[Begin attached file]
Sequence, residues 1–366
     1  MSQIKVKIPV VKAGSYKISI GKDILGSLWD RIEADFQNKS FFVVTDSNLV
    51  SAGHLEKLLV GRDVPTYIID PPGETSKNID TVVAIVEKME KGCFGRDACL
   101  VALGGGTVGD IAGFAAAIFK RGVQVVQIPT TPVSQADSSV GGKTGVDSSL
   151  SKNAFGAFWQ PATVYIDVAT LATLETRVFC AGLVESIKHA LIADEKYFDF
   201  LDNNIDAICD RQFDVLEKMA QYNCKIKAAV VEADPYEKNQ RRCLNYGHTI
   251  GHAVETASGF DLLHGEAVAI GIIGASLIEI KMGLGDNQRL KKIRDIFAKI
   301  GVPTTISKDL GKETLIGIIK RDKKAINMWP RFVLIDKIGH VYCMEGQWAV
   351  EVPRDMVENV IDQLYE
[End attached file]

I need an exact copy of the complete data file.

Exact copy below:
Sequence, residues 1–366
     1  MSQIKVKIPV VKAGSYKISI GKDILGSLWD RIEADFQNKS FFVVTDSNLV
    51  SAGHLEKLLV GRDVPTYIID PPGETSKNID TVVAIVEKME KGCFGRDACL
   101  VALGGGTVGD IAGFAAAIFK RGVQVVQIPT TPVSQADSSV GGKTGVDSSL
   151  SKNAFGAFWQ PATVYIDVAT LATLETRVFC AGLVESIKHA LIADEKYFDF
   201  LDNNIDAICD RQFDVLEKMA QYNCKIKAAV VEADPYEKNQ RRCLNYGHTI
   251  GHAVETASGF DLLHGEAVAI GIIGASLIEI KMGLGDNQRL KKIRDIFAKI
   301  GVPTTISKDL GKETLIGIIK RDKKAINMWP RFVLIDKIGH VYCMEGQWAV
   351  EVPRDMVENV IDQLYE